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S.Africa oil firms warned to boost black ownership
JOHANNESBURG, July 5 |
JOHANNESBURG, July 5 (Reuters) - Black ownership of fuel companies operating in South Africa is far below state-mandated targets agreed in 2000, the energy minister said on Thursday, warning companies could lose their operating licences if they failed to make up ground.
Under the Petroleum and Liquid Fuels Charter of 2000, companies committed to achieve 25 percent black ownership by 2010 to boost the participation of blacks in the Africa's biggest economy.
But Energy Minister Dipuo Peters said an audit had found the average black shareholding was 18.9 percent instead of the mandated 25 percent. Only Total had fully complied with this ownership obligation.
"Overall the findings of the audit are extremely disappointing," Peters told journalists.
Other firms active in the industry include South Africa's state-owned PetroSA, Shell, BP, Chevron, petrochemicals group Sasol, and Engen, majority-owned by Malaysian state oil group Petronas.
Peters said there was only 48 percent compliance with the charter, which also set targets on management control, oil procurement, skills development, participation of women, access to joint infrastructure and retail networks, among others.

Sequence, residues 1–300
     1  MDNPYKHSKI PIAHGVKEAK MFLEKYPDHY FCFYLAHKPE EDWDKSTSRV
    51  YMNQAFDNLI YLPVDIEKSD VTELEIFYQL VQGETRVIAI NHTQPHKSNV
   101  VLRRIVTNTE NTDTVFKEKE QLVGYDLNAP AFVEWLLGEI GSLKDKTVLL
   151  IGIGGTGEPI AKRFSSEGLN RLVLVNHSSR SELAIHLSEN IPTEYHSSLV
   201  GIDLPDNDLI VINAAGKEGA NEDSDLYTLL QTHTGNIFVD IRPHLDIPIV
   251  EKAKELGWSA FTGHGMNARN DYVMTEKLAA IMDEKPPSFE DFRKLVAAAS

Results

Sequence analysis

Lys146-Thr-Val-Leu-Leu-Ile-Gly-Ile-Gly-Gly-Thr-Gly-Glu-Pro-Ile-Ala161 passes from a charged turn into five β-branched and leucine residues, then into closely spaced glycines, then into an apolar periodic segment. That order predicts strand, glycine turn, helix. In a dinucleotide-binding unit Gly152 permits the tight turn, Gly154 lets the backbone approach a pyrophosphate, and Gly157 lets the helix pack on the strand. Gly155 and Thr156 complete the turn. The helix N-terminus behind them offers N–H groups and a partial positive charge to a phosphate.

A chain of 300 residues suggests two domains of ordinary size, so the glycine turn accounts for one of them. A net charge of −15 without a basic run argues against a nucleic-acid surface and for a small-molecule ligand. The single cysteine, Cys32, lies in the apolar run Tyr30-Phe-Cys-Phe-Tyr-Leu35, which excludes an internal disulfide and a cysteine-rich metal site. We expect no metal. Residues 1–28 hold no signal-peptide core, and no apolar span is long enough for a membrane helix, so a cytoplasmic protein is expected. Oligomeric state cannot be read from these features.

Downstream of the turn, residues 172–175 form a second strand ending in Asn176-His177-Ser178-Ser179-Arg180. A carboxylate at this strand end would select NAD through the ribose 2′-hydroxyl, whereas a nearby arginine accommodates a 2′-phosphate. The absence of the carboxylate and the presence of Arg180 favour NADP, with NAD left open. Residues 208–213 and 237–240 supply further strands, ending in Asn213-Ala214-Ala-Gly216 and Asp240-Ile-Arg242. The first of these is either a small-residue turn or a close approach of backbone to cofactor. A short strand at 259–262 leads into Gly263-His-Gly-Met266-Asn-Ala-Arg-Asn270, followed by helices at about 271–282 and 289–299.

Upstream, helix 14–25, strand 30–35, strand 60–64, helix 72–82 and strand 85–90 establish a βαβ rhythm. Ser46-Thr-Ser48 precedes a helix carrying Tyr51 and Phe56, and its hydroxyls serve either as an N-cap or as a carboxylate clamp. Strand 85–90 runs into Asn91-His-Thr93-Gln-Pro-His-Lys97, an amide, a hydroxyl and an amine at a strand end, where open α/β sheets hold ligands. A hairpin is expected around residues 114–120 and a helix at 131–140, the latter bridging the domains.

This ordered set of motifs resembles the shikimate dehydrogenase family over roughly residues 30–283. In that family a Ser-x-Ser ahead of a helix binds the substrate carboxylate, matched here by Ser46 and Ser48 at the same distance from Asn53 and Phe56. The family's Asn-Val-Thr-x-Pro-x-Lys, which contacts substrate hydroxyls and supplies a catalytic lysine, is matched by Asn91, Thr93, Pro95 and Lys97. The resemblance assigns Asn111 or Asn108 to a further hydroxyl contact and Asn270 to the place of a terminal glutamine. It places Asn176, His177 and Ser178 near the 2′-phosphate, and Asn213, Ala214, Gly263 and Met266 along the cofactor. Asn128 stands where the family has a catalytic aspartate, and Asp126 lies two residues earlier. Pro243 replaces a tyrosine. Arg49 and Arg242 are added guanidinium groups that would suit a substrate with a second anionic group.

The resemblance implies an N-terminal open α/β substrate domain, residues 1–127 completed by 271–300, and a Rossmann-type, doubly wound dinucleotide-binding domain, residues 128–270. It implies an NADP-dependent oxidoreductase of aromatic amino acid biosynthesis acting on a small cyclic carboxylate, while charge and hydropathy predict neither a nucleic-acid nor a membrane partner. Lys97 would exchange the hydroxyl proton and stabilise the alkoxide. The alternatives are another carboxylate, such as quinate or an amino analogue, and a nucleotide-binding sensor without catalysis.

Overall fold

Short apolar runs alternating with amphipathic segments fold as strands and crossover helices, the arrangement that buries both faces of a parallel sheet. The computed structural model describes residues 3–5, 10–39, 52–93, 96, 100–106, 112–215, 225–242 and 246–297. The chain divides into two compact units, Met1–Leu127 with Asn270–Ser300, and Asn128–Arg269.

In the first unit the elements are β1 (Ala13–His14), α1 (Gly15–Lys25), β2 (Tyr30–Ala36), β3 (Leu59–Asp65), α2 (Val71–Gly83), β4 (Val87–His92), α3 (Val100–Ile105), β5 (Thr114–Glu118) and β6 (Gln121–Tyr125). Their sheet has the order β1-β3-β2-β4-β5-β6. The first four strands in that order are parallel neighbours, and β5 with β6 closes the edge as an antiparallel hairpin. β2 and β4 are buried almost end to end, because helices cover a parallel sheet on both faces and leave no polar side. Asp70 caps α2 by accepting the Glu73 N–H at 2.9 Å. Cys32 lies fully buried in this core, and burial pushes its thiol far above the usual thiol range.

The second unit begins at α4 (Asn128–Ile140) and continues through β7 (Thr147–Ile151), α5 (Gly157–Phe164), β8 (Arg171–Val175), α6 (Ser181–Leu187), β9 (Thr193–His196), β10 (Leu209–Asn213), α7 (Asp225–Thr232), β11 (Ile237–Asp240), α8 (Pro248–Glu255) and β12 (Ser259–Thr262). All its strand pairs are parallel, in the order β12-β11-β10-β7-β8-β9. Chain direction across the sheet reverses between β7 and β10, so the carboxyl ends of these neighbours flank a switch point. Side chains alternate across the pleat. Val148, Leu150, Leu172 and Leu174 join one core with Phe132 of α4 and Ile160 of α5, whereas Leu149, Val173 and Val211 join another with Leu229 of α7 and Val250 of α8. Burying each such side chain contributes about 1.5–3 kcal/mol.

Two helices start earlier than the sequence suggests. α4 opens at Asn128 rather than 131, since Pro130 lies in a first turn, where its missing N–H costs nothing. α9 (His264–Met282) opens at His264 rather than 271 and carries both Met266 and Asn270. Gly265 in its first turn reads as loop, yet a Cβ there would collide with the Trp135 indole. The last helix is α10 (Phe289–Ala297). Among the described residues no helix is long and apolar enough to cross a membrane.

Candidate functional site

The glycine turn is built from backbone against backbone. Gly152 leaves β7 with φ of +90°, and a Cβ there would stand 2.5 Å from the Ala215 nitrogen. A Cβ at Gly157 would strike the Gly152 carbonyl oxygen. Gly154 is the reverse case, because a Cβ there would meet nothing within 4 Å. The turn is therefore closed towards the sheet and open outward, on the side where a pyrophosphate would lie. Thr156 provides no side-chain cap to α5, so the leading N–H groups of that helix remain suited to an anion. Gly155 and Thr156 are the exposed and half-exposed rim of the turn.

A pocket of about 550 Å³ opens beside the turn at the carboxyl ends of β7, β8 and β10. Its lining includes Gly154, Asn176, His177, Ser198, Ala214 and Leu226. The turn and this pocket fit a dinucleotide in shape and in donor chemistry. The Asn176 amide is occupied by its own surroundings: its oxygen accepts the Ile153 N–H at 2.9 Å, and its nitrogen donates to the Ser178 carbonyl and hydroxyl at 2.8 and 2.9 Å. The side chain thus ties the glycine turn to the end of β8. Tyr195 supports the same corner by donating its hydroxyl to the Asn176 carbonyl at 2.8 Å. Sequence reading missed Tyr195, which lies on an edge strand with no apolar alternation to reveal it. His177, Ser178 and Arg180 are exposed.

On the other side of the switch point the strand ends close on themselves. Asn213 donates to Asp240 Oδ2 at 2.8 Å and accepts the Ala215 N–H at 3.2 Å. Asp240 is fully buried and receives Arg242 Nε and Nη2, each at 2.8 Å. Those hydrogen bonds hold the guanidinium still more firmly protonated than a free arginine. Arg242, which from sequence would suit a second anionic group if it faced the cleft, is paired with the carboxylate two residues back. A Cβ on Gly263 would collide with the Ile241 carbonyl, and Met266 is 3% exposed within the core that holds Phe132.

The minister said she would meet with the companies to set agreed deadlines for them to meet these targets. She could not specify how much time they would be given.
But she warned that companies continuing to violate the charter could lose their licenses or have their activities curtailed, such as limiting their crude imports.
South Africa is a net importer of fuel and any disruption to refining activities and crude imports could hit supplies of fuel. South Africa suffered shortages last year because of strikes and refinery problems.
Peters told the companies not to try to argue over a potential risk of fuel shortages in order to delay action.
"We will not be held to political, financial or economic blackmail," she said.
Deputy Director-General of the Department of Energy, Tseliso Maqubela, added any negative impact from such punitive measures on the country would be short-lived and alternative suppliers would be found if needed. (Reporting by Agnieszka Flak; Editing by Belinda Goldsmith)
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